These Chinese terms yin 陰 or 阴 "shady side" and yang 陽 or 阳 "sunny side" are linguistically analyzable in terms of Chinese characters, pronunciations and etymology, meanings, topography, and loanwords.
The Traditional Chinese characters 陰 and 陽 for the words yīn and yáng are both classified as radical- esphonetic characters, combining the semantically significant "mound; hill" radical 阝 or 阜 with the phonetic indicators ying 侌 and yang 昜. The first phonetic yīn 侌 "cloudy" ideographically combines jīn 今 "now; present" and yún 云 "cloud", denoting the "今 presence of 云 clouds". The second phonetic yáng 昜 "bright" originally pictured 日 the "sun" with 勿 "rays coming down". This phonetic is expanded with the "sun" radical into yáng 暘 "rising sun; sunshine". The "mound; hill" radical 阝full forms semantically specify yīn 陰 "shady/dark side of a hill" and yáng 陽 "sunny/light side of a hill".
The Simplified Chinese characters 阴 and 阳 for yīn and yáng combine the same "hill" radical 阝 with the non-phonetic yuè 月 "moon" and rì 日 "sun", graphically denoting "shady side of a hill" and "sunny side of a hill". Compare the Classical Chinese names (which contain tài 太 "great") for these two heavenly bodies: Tàiyīn 太陰 "moon" and Tàiyáng 太陽 "sun".
Pronunciations and etymologies
The Modern Standard Chinese pronunciation of 陰 or 阴 is usually level first tone yīn "shady; cloudy" or sometimes falling fourth tone yìn "to shelter; shade", and 陽 or 阳 "sunny" is always pronounced with rising second tone yáng.
Sinologists and historical linguists have reconstructed Middle Chinese pronunciations from data in the (7th century CE) Qieyun rhyme dictionary and later rhyme tables, which was subsequently used to reconstruct Old Chinese phonology from rhymes in the (11th-7th centuries BCE) Shijing and phonological components of Chinese characters. Reconstructions of Old Chinese have illuminated the etymology of modern Chinese words.
Compare these Middle Chinese and Old Chinese (with asterisk) reconstructions of yīn 陰 and yáng 陽:
Schuessler gives probable Sino-Tibetan etymologies for both Chinese words.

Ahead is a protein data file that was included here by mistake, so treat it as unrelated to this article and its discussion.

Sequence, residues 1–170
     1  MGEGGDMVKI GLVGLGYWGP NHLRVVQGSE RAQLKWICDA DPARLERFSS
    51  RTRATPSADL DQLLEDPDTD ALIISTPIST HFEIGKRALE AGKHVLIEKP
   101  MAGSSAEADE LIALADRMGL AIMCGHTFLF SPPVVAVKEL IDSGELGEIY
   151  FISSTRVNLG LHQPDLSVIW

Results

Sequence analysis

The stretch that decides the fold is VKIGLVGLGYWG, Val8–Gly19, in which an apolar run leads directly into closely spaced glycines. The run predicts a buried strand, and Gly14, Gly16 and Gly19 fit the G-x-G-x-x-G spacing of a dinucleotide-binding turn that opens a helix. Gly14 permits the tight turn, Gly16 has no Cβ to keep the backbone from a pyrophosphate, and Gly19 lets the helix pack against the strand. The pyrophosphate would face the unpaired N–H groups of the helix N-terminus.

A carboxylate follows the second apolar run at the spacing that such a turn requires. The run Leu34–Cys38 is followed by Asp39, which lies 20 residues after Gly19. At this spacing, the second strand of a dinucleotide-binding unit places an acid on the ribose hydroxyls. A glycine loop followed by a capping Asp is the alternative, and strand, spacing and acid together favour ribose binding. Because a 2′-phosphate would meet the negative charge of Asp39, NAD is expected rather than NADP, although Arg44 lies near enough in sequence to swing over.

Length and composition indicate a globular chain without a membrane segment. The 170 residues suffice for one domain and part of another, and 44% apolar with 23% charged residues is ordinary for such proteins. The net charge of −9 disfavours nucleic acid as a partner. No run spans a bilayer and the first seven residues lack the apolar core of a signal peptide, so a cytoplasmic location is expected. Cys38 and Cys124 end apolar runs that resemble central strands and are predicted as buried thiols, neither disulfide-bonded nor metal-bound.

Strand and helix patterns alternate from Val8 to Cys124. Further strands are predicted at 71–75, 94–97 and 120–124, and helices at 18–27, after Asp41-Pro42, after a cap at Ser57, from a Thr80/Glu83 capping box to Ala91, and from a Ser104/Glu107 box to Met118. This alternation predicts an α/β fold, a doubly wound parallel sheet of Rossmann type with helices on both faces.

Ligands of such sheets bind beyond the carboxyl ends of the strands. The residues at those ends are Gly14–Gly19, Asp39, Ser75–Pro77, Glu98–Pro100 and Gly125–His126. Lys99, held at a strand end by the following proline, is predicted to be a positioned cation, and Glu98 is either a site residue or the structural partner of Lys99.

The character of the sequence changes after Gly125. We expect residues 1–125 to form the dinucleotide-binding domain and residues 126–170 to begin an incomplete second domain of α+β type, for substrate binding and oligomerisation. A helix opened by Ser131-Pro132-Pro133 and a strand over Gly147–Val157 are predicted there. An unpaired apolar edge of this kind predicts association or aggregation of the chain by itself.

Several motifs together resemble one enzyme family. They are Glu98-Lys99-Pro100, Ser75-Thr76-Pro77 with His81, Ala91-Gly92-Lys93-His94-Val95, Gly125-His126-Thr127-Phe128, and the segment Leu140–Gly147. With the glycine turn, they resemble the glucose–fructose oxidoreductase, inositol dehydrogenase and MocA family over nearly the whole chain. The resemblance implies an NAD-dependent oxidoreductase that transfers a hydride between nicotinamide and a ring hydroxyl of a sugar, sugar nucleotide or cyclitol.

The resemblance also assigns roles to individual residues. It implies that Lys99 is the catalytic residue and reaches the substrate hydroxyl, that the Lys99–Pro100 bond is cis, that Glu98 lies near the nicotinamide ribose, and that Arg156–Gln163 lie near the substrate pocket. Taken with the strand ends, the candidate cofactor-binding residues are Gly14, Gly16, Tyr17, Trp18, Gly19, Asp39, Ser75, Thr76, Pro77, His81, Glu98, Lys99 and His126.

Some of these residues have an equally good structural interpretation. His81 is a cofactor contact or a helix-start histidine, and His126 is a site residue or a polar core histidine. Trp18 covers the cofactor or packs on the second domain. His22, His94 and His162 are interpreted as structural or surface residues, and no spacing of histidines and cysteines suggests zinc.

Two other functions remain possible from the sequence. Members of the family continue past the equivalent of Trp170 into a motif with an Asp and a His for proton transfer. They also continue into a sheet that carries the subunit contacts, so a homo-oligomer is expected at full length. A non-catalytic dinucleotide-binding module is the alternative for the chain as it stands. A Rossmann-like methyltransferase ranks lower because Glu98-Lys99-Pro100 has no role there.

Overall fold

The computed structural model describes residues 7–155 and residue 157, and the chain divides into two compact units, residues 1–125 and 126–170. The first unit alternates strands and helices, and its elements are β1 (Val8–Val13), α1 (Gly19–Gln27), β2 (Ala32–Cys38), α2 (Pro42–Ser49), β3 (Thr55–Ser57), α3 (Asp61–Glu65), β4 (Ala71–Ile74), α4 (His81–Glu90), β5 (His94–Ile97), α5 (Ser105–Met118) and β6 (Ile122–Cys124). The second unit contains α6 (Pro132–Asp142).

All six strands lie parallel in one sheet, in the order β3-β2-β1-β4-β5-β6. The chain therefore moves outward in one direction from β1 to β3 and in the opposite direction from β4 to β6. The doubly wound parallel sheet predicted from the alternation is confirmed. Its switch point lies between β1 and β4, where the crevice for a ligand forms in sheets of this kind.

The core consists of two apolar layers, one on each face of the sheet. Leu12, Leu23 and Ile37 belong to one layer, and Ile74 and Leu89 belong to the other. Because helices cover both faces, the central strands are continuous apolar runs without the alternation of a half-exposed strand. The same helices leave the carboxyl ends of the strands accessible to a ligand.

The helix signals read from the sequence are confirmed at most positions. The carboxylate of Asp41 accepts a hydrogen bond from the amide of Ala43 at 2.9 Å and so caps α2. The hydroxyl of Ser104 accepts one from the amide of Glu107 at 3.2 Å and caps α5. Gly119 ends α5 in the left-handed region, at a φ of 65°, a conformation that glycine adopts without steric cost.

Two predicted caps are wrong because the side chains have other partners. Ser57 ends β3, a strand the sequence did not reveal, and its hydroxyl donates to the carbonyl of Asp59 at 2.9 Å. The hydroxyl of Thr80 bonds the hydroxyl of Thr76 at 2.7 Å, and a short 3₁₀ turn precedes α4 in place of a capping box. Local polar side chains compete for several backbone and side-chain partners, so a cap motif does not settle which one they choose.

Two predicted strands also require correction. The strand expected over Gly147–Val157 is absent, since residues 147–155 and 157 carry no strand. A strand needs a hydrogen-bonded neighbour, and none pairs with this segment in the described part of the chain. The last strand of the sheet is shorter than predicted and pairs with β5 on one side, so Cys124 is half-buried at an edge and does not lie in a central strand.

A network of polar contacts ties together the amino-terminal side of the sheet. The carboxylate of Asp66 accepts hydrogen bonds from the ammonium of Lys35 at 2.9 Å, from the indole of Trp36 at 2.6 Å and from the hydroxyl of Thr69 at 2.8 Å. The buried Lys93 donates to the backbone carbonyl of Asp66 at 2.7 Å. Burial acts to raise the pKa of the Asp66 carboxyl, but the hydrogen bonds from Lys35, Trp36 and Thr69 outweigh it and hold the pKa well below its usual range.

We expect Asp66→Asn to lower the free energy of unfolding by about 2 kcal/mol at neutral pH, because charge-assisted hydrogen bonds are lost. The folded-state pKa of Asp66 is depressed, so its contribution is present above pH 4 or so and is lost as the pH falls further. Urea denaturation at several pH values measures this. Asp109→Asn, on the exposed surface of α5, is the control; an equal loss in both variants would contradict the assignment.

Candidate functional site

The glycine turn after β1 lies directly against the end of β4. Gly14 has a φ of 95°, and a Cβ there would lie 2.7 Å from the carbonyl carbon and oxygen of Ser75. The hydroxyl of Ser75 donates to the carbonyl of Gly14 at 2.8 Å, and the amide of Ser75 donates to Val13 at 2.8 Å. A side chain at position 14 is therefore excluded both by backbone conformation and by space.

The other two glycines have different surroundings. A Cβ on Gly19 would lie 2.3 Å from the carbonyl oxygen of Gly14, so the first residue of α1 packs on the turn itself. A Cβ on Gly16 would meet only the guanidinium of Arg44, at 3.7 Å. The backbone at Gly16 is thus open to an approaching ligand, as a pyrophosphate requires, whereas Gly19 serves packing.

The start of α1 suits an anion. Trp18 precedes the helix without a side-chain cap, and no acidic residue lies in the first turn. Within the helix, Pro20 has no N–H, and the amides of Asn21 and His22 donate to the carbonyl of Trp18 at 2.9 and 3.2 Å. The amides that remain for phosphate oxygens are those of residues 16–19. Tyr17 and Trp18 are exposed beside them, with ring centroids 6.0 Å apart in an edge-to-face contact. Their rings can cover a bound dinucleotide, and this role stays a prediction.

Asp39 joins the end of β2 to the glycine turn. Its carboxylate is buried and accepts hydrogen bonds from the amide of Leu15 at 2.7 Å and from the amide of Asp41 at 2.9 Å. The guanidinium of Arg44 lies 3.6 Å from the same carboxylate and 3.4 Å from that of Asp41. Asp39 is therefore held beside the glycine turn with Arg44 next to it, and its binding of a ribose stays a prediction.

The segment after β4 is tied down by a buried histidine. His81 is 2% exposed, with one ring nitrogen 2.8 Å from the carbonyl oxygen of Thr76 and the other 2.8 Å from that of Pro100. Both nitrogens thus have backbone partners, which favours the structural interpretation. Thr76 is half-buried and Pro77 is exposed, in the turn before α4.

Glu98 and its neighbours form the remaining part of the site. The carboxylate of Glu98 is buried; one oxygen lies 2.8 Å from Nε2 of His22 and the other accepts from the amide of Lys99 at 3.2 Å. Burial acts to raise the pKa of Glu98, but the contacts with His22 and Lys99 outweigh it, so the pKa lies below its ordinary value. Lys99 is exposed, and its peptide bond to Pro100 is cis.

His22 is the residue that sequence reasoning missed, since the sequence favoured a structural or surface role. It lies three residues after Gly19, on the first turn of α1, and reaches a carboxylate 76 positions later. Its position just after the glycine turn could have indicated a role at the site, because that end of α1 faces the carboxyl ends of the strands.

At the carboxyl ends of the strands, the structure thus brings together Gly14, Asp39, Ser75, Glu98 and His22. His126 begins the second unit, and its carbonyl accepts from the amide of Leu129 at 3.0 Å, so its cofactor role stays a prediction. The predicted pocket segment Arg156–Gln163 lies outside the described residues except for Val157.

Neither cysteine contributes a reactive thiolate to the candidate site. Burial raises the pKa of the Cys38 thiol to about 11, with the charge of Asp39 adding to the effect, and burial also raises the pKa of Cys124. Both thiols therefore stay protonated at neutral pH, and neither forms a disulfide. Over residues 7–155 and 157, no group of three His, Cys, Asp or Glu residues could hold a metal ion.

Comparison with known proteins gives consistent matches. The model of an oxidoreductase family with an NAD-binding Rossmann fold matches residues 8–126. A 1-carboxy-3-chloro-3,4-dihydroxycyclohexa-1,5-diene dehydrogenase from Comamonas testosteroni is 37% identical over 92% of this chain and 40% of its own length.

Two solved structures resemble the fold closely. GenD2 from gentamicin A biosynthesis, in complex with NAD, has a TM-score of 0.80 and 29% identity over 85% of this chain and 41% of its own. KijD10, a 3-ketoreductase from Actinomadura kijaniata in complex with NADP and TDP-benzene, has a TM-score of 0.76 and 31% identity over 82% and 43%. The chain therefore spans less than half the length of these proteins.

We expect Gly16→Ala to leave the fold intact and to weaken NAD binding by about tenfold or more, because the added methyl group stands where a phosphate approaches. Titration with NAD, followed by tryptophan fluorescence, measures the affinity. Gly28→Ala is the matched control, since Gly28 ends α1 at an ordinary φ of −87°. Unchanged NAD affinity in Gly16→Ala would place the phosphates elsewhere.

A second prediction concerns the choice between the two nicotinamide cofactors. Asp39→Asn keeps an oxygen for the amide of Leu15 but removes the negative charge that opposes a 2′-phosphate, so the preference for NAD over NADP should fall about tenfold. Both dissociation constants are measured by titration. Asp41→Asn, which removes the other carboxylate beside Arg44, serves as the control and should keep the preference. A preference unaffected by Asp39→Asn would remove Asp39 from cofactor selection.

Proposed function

Yin < *ʔəm compares with Burmese ʔumC "overcast; cloudy", Adi muk-jum "shade", and Lepcha so'yǔm "shade"; and is probably cognate with Chinese àn < *ʔə̂mʔ 黯 "dim; gloomy" and qīn < *khəm 衾 "blanket"
Yang < *laŋ compares with Lepcha a-lóŋ "reflecting light", Burmese laŋB "be bright" and ə-laŋB "light", and Tai plaŋA1 "bright"; and is perhaps cognate with Chinese chāng < *k-hlaŋ 昌 "prosperous; bright" (cf. Proto-Viet-Mong hlaŋB "bright"), and bǐng < *braŋʔ 炳 "bright".
Yin and yang are semantically complex words.
A reliable Chinese-English dictionary gives the following translation equivalents.
Yin 陰 or 阴 Noun ① [philosophy] negative/passive/female principle in nature ② Surname Bound morpheme ① the moon ② shaded orientation ③ covert; concealed; hidden ④ ⑦ negative ⑧ north side of a hill ⑨ south bank of a river ⑩ reverse side of a stele ⑪in intaglio Stative verb ① overcast
Yang 陽 or 阳 Bound morpheme ① [Chinese philosophy] positive/active/male principle in nature ②the sun ④ in relief ⑤ open; overt ⑥ belonging to this world ⑦ [linguistics] masculine ⑧ south side of a hill ⑨ north bank of a river
The compound yin-yang 陰陽 or 阴阳 means "yin and yang; opposites; ancient Chinese astronomy; occult arts; astrologer; geomancer; etc.".
The sinologist Rolf Stein etymologically translates Chinese yin 陰 "shady side (of a mountain)" and yang 陽 "sunny side (of a mountain)" with the uncommon English geographic terms ubac "shady side of a mountain" and adret "sunny side of a mountain" (which are of French origin)....